Monday Buzz: Biggest opportunity in NRL history
May 28 presents the biggest opportunity for the NRL in the history of rugby league.
The clear airspace in sport across Australia, New Zealand and other countries is worth tens of millions of dollars in this once in a lifetime opportunity to showcase the game.
People who have never watched rugby league will check it out.
The three-time-a-year State of Origin viewers in the AFL states will watch more regularly.
Fox League and Channel 9 will smash their regular ratings.
(And we'll even have an excuse for 65,000 empty seats on a Thursday night at ANZ Stadium.)
Peter V'landys has given every sporting official in the country a lesson in proactive administration to drive the comeback plan so hard, as long as the priority was always health and safety.
The AFL are about a month behind. Soccer and the A League haven't got a clue.
Super Rugby has been abandoned in its current format.
V'landys always knew the value of getting a jump on his rivals.
There's also the jersey sponsorship exposure and ground advertising that goes to new eyeballs.
"One thing I learnt in racing with The Everest, it's far more valuable to have it when there's no rugby league or AFL or any competition," he said.
"If we ran the race in autumn against the footy codes there would only be half or even a quarter of the interest."
Racing is getting a gigantic boost now as the only live show in town.
Turnover with corporate bookmakers (the best barometer) is up by 50 per cent. Sky Racing has been the highest rating channel on Foxtel every Saturday for five straight weeks.
V'landys uses a couple of department store giants as an example.
"If you've got David Jones and Myer next to each other they're competing for the same customers," he says, "If one closes down, the other one gets all the business."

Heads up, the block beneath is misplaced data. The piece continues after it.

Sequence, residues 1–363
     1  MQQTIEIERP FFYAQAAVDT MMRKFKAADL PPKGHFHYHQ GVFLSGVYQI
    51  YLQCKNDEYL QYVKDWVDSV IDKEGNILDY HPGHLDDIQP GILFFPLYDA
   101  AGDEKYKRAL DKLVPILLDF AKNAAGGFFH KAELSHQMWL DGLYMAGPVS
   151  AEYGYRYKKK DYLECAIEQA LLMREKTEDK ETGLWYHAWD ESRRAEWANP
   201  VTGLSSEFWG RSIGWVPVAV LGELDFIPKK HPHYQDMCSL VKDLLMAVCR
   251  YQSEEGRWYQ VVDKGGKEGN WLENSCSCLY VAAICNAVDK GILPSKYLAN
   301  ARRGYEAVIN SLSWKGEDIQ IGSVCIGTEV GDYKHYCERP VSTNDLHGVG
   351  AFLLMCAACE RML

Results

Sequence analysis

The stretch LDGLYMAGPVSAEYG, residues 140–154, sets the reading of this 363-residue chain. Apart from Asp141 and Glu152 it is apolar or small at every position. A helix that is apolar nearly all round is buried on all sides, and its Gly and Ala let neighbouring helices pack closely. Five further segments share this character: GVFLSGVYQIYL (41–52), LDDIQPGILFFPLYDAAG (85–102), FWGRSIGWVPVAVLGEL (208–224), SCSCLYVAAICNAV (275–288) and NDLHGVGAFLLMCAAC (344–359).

We spoke to legendary AFL commentator and Collingwood boss Eddie McGuire to get an idea of how many Victorians would switch on the NRL on Thursday in three weeks.
"If there's a game on with clean air everyone will want to watch it," McGuire said. "Fox Sports will go berserk. Plus the news coverage and value it gets outside of the actual game will be huge."
Eddie gives a great example of the opening round of the AFL that was beamed into the United States at a time when most other sports had shut down.
"While I was calling it on Fox Sports, I got a text from News Corp boss Robert Thomson in the U.S.," he explained, "So I gave him a shout out on air. Then all these Americans, watching for the first time, lit up our social media.
"It's great to be in the spotlight and reach so many people internationally, not just across all the states of Australia."
McGuire refuses to be critical of the AFL for being left behind. He points to the different restrictions in Victoria and Western Australia.
"AFL will be up in mid-June and it will be huge to have them both back," he says, "It really underlines the cultural significance of NRL and AFL. It's a kick start to the economy and to life. Both codes have such a major role to play in that regard."
Originally published as This is the biggest opportunity in NRL history